# What explains the inaccuracies in machine-precision 'integers' with trigonometry or powers?

This Mathematica tutorial notes some strange behaviour with calculations such as Sin[10^50]:

N[Sin[10^50]]

> -0.4805

Sin[10.0^50]

> 0.92455


Wait, what?

I know of the infamous $0.1+0.2\not=0.3$ in floating point arithmetic - but I didn't think that would apply for a number like 10.0, surely?

For example, Python doesn't have such a discrepancy:

>>> import math
>>> math.sin(10**50)
-0.4805001434937588
>>> math.sin(10.0**50)
-0.4805001434937588


I then noticed that, if I type in 10.0^50 and hit shift-enter, then copy-paste the result, I see:

9.999999999999997*^49


Also:

10^50 - 10.0^50
> 4.15384*10^34


$10^{34}$? That's quite a difference. Roughly 41 decillion according to IntegerName[Round[10^50-10.0^50]].

So my main question is: Why does this inaccuracy happen for an integer expressed in machine-precision, rather than it only happening for decimal numbers? Usually issues like $0.2+0.1=0.30000000000000004$ only happen because you can't express $0.1$ in binary - but $10.0$ can be expressed accurately in binary, right? So how does 10.0^50 go so wrong?

• In this case, it's 10.^50 that can't be represented exactly as machine number (although it's indeed an integer). 2^50 or 4^50, however, can. – user202729 Dec 2 '17 at 4:56
• To add to the remark by @user202729, check the base 2 representation of 10^50:IntegerDigits[10^50, 2] will show that one cannot get the "exact" representation in base 2 using only the 53 bits of a machine double mantissa. The error is, not surprisingly, on the order of machine epsilon, which explains the approx 10^34 difference in that subtraction. – Daniel Lichtblau Dec 2 '17 at 15:51
• It is also worth mentioning that the first step in computing the sine of a number far away from zero is to reduce it modulo $2\pi$. Since $\pi$ is an irrational number, that means you need arbitrary-precision arithmetic (and an arbitrarily long approximation to $\pi$) just to do the division and not get a garbage remainder. – zwol Dec 11 '17 at 22:45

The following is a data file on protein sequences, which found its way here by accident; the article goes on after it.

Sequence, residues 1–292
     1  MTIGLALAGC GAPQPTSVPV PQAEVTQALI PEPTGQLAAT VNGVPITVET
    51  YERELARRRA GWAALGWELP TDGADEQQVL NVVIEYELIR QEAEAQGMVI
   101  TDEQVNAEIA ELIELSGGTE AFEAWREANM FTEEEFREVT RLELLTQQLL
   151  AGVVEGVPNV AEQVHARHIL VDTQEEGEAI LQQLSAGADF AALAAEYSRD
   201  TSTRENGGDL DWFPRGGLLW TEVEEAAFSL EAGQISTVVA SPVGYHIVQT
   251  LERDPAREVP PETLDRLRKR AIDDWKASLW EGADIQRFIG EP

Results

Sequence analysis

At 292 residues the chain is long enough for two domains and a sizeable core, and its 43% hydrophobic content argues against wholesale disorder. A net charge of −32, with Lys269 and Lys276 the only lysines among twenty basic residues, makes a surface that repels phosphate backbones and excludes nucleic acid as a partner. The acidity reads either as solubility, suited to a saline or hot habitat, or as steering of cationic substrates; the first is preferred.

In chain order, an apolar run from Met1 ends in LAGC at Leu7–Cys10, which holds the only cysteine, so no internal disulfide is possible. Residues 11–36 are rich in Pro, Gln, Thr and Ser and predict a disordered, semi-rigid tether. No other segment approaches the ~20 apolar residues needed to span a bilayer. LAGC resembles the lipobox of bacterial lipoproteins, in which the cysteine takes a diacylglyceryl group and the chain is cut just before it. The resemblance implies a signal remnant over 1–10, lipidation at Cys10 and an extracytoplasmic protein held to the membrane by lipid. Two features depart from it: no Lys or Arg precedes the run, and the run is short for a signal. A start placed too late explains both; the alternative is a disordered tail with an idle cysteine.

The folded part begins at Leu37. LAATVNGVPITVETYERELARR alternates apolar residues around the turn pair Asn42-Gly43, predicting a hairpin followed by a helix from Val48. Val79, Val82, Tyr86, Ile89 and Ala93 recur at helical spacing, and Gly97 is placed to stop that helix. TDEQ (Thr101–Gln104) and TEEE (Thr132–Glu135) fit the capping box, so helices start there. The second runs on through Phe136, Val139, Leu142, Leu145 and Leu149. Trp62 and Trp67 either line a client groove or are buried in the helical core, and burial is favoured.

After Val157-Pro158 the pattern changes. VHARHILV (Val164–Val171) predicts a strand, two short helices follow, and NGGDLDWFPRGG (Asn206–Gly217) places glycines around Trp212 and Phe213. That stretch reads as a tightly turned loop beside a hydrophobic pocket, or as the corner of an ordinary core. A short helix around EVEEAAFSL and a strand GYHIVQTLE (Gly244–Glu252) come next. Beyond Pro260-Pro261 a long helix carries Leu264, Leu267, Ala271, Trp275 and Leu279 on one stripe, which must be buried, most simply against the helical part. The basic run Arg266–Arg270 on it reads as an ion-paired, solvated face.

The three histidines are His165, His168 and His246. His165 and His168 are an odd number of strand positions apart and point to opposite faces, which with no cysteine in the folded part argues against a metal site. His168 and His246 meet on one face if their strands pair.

The result given by python is completely wrong, as are the results given by Mathematica for machine numbers. To get a correct result, you need to use extended precision numbers:

N[Sin[10^50], 10]
Precision @ %


-0.7896724934

10.

This result is correct to 10 digits. In order to get a correct result, Mathematica needs to use extra precision beyond the 10 that is requested above. One can see this in 2 ways. First, use a high precision argument to Sin:

Sin[1060^50]
Precision @ %


-0.78967249

8.41064

We start with 60 digits of precision, but the result is only good to 8 digits.

Second, limit the amount of extra precision Mathematica will use:

Block[{$MaxExtraPrecision = 20}, N[Sin[10^50], 10]]  N::meprec: Internal precision limit$MaxExtraPrecision = 20. reached while evaluating Sin.

0.

With only 20 digits of extra precision, Mathematica is unable to compute any significant digits. With the default (50) Mathematica is able to produce 10 digits as requested.

Block[{\$MaxExraPrecision = 50}, N[Sin[10^50], 10]]
Precision @ %


-0.7896724934

10.

Finally, a machine number can only have 16 digits of precision. This is why you get a result on the order of 10^34 when you do the subtraction:

10^50 - 10.^50
`

4.15384*10^34